Ivy Hoops Online is excited to announce the return of Ivy 60 for 60, a run-through of 60 of the greatest players in Ivy League men’s basketball history after a hiatus to continue celebrating the 60th anniversary of modern Ivy League basketball. An Ivy 60 for 60 for Ivy women’s basketball will follow.

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Princeton introduces new women’s coach Carla Berube

Although Princeton Athletics named Carla Berube as the Tigers’ new coach all the way back on May 29, it wasn’t until Wednesday afternoon that Princeton’s Director of Athletics Mollie Marcoux Samaan formally introduced new head coach Berube to the Tigers community and media.

Berube, a national champion with UConn in 1995, said she called her college coach, Geno Auriemma, immediately after the Tigers’ job was posted.

“That’s perfect,” said the Hall of Famer. “You’re ready for it.” He then reached out to Marcoux Samaan that same day to offer his support for his former point guard.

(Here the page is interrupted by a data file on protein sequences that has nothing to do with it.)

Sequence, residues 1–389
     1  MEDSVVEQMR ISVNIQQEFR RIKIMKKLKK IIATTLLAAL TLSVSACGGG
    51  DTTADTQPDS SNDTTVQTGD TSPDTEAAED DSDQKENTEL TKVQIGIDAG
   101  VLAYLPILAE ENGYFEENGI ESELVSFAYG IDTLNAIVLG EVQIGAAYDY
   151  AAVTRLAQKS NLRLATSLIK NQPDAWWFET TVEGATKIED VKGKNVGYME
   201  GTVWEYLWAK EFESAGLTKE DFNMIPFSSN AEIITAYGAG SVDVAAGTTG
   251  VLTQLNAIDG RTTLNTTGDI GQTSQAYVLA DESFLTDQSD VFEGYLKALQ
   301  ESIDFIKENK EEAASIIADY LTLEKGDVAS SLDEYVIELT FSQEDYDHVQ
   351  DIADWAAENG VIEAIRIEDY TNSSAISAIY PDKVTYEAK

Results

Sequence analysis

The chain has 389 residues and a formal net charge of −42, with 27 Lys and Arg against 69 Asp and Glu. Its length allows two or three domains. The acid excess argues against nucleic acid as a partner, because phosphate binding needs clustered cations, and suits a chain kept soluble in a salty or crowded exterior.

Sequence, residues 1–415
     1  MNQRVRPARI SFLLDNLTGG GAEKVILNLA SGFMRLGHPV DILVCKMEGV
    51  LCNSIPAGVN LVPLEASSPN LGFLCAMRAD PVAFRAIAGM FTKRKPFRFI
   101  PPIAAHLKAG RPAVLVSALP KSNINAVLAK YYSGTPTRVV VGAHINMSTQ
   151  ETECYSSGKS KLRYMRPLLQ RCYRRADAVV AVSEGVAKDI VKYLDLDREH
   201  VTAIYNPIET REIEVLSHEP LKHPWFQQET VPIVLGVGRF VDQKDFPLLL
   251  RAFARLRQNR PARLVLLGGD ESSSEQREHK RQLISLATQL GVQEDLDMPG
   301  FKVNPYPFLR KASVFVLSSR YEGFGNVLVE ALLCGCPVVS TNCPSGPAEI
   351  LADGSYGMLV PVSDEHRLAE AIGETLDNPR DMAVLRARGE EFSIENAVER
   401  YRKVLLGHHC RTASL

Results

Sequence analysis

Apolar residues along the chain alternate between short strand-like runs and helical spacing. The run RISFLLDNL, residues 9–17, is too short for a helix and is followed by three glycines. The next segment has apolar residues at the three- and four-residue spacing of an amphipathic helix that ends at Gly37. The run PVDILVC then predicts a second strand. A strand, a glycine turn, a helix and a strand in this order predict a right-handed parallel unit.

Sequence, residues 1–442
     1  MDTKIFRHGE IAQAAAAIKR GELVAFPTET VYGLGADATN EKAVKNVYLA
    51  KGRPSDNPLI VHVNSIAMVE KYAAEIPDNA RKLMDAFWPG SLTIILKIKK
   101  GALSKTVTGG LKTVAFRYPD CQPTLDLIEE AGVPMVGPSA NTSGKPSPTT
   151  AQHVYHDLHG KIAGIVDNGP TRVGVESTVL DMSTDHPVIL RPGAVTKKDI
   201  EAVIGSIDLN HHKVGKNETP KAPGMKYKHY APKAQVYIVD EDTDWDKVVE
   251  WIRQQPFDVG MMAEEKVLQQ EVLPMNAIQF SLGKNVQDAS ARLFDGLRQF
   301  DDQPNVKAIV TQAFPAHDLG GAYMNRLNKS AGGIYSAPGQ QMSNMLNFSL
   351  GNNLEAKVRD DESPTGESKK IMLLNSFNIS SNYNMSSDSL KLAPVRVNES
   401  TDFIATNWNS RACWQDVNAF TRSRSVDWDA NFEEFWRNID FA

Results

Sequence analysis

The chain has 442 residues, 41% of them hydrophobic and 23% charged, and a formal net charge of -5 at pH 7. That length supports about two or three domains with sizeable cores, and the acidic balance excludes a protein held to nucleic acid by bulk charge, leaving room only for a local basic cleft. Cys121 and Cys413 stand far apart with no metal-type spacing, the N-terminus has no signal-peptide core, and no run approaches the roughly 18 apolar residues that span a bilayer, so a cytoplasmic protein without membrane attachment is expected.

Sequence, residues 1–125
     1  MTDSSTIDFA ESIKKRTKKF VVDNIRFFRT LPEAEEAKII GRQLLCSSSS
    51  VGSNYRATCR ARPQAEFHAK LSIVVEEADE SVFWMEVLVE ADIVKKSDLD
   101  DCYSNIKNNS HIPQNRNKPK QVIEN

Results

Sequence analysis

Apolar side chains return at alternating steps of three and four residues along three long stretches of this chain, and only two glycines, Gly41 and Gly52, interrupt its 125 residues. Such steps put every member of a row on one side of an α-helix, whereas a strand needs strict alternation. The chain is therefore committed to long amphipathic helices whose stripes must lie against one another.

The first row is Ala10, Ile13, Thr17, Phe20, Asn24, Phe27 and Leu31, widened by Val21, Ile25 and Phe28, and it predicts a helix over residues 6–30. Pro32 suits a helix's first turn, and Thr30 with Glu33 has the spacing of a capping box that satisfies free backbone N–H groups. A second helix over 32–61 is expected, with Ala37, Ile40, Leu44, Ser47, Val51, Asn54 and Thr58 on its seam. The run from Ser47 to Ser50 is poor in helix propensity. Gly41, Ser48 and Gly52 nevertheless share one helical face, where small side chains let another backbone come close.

At the end of April, Courtney Banghart left Princeton to take the open position at North Carolina.  Over her 12 years at Princeton’s helm, she built the Tigers program into a conference power with national relevance.  In order to continue the forward progress of the program, the AD knew that this was a very important hire.

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Former Princeton coach Bill Carmody announces his retirement

Then-Princeton coach Bill Carmody directs future Princeton coach Mitch Henderson during the Tigers’ battle with Michigan State in the second round of the NCAA Tournament in 1998. Henderson later was an assistant on Carmody’s coaching staff at Northwestern. “He always does the right thing,” Henderson said of Carmody to IHO following Carmody’s retirement announced Tuesday. (Getty Images)